Ab Crew will mark Deciem’s entrance into the men’s business. Setting it apart from most traditional grooming brands, Ab Crew has a fitness element. The brand has signed up personal trainer and nutrition consultant Lazar Angelov as a spokesman, and sells protein powder and dietary supplements along with self-tanners, aftershave, shampoo and conditioner. Ab Crew’s prices run from $18 to $70. Deciem aims to distribute the brand through gyms, select specialty stores and possibly a nutrition retail chain like GNC.

“There is no question that men are more receptive to beauty regimens, but we are far away from having a man embrace a beauty regimen with many steps. If you look at their fitness regimen, though, they will have steps such as protein before and after. It is the same consumer. They go to the gym because they want to look better,” said Truaxe. “We are marrying these two categories together.”

Salons aren’t exempt from Deciem’s expansion plans. The company is targeting the professional sector with the brand HIF, an acronym for Hair Is Fabric. HIF products are priced from $25 to $65. Truaxe proclaimed the brand takes cleansing to the next level. “Your hair is just like fabric. The more you wash it, the more you damage it. The whole idea is not to damage it,” he said. “We use fractionated particles that bind to dirt and debris, but are repelled by the hair. You are not using a surfactant that damages hair, but you are still cleaning the hair. We are also using fabric technology from the jeans industry to impregnate the hair with actives.”

If HIF, Ab Crew and Hylamide weren’t enough, Deciem has several other brands on tap. On its Web site and in press releases, the company has mentioned forthcoming brands called Niod, White RX, Loopha, Avestan and LHN. Truaxe thinks of Deciem as an umbrella firm for boutique beauty brands. He explained Deciem distinguishes itself in the beauty industry by taking risks and pushing innovation faster than giant consumer packaged goods companies. “It would be foolish for me to look at a giant and follow their footsteps with a lot less money and people, and expect to do better. We have to take advantage of our strengths,” he said.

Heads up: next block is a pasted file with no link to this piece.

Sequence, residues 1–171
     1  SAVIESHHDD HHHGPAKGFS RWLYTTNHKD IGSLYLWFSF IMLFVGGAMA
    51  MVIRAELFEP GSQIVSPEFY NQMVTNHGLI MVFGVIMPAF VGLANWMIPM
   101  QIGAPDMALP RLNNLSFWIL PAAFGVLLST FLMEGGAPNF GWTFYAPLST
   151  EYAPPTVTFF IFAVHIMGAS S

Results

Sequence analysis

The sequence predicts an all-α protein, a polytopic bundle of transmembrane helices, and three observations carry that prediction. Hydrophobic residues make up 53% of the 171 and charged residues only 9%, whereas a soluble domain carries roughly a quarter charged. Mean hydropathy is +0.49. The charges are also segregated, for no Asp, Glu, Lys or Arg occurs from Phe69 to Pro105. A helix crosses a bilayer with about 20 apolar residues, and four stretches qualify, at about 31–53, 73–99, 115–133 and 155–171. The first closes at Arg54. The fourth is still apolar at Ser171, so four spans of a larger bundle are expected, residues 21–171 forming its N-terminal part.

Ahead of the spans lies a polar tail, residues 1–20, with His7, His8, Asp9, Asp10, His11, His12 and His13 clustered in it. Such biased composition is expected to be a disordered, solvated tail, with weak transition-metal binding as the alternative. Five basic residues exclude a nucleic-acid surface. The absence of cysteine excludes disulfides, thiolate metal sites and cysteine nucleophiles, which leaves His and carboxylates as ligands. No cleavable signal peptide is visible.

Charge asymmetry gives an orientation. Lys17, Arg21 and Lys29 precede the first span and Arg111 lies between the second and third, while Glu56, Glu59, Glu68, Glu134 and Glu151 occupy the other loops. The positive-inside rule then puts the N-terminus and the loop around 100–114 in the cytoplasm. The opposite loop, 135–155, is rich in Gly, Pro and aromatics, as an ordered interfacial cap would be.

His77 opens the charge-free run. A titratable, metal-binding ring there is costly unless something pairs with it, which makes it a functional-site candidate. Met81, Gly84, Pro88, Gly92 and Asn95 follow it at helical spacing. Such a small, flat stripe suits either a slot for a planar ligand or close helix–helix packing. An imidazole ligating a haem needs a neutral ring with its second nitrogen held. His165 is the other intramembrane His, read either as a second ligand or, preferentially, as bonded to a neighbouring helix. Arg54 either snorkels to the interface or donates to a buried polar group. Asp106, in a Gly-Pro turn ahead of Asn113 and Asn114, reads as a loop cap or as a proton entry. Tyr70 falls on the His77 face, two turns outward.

Deciem may have less money than giant personal care companies, but it certainly has money. Truaxe revealed around $10 million has been invested to date in the firm. Deciem acquired a manufacturing facility, and operates its own laboratory with two chemists as well as its own design, sales and logistics teams with roughly 50 employees. “It is a lot of cost as a whole, but it is a very small cost per brand,” said Truaxe, underscoring why founding Deciem with numerous brands was a prudent choice.

The margins that Deciem operates with made introducing numerous brands a prudent choice as well. “The beauty business is so accustomed to 70 to 80 percent margins that, the moment you touch that, people think you are insane. I just don’t get it. The biggest cost to your business is a consumer not liking you, so I don’t know why a company would risk a consumer not liking them,” said Truaxe, pointing out Deciem spends 4.5 times what’s typically spent on ingredients and formulation for Hand Chemistry products. “We have gone as low as 35 percent [margins] in some cases. That wouldn’t be sustainable. As long as we average out to 50 to 55 percent, it is a manageable business for us.”